Out of all human relationships, there is only one that has remained somewhat intact despite the fall. Can you guess what relationship I’m referring to? Romantic love and marriage is tainted by selfish ambition and the desire for personal pleasure. The first murder was caused by sibling rivalry and jealousy. Friends are quick to betray. Cousins and uncles have stood on opposite sides of a battlefield and fought each other. So what human relationship is left?
Parents’ unconditional love for their children.
This relationship is by no means perfect. Parents fail. Children rebel. Brokenness happens. And while we are seeing a rise in the decay of this beautiful relationship, the truth remains that out of all other human relationships, this one has stayed the most intact. Throughout the ages and generally speaking, parents naturally, instinctively love their children unconditionally. They seek their children’s best interests even when the child doesn’t want their input. A child does not need to earn or acquire their parents’ love. It’s freely given and unchangeable. Even when the child rebels, rejects, and betrays them, the parents will still love.
Most of the time. Like I said, this relationship has been affected by sin, but on a whole and in general, this is the case.
But what does all this have to do with II Corinthians? Throughout this book, Paul defends his authority, identity, and credibility as an apostle. One of the many things the false teachers who seduced the Corinthians accused Paul of was theft and taking advantage of the Corinthians’ wealth. Obviously, Paul never stole or deceived the Corinthians into giving him money for his own gain. On the contrary! He poured himself out for the Corinthians, both physically, spiritual, and financially. Why? Because he viewed himself as their spiritual father and felt responsible for their spiritual well-being, as is evident in the verses below:
“Here for the third time I am ready to come to you. And I will not be a burden, for I seek not what is yours but you. For children are not obligated to save up for their parents, but parents for their children. I will most gladly spend and be spent for your souls.”
~II Corinthians 12:14-15a
Unlike what his accusers stated, Paul was only interested in the Corinthians’ souls. He did not desire what they had, but wanted them. Their heart, their devotion, and their love. He did not come to them as a friend seeking self-gain or one who would easily betray them, but as a father. A parent who willingly gives of themselves for the needs of their children.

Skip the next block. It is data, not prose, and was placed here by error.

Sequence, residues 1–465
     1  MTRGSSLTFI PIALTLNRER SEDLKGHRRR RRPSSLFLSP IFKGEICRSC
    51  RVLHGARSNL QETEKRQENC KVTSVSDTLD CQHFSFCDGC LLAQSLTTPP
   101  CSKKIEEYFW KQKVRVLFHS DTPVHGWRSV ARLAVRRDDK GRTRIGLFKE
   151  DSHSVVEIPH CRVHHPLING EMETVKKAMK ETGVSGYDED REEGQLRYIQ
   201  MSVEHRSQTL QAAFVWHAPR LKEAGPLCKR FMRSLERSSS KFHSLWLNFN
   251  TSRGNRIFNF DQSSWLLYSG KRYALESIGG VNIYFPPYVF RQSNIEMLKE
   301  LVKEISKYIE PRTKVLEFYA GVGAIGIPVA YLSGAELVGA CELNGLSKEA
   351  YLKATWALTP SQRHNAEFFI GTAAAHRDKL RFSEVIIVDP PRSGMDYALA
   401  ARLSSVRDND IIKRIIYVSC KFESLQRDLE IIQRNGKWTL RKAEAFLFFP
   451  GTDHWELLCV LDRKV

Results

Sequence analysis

As we already discussed, the relationship between parents and children has held somewhat intact over the centuries and is a picture of unconditional love that people of different eras can relate to. The Corinthians would have understood Paul’s metaphor, and so do we.
Paul was willing to put himself on the line for the Corinthians. He didn’t want their wealth. He didn’t want their money. He didn’t want their lifestyle. He wanted them. This, Paul so simply and eloquently stated, “I seek not what is yours but you.” There were no strings attached, no ulterior motives, or hidden agendas. The intention was simple. Paul visited them twice and was on his way to visit them for the third time to give them the gospel and make sure that they stayed true to the straight and narrow way. Period. End of story.
But what about us? Do we befriend people for the same, pure motives? Or are we hoping to get something out of the friendship for ourselves? When we share the gospel and/or disciple a brother or sister in Christ, are we doing so with the unconditional, selfless love of a parent for a child? What is our purpose and intentions in our friendships and relationships?
The Apostle Paul had a singular purpose: share the gospel and build the church. He wasn’t networking, looking for generous donors to fund his projects or visiting specific areas for their resources. He went where the Spirit led and spoke as the Lord directed, and he had a heart that truly longed to see all people come to a saving knowledge of Jesus Christ. Paul’s intentions were simple, singular, and spiritually-minded, and he did not take lightly the responsibility God had given him.
So let’s follow in Paul’s footsteps and see people as he viewed them--not as resources to tap into or friendships to be made, but rather as disciples to be had and souls to be won for the Lord. When people ask us why we reach out to them or why we have befriended them, may our honest answer be that of Paul’s:
“I seek not that which is yours but you.”
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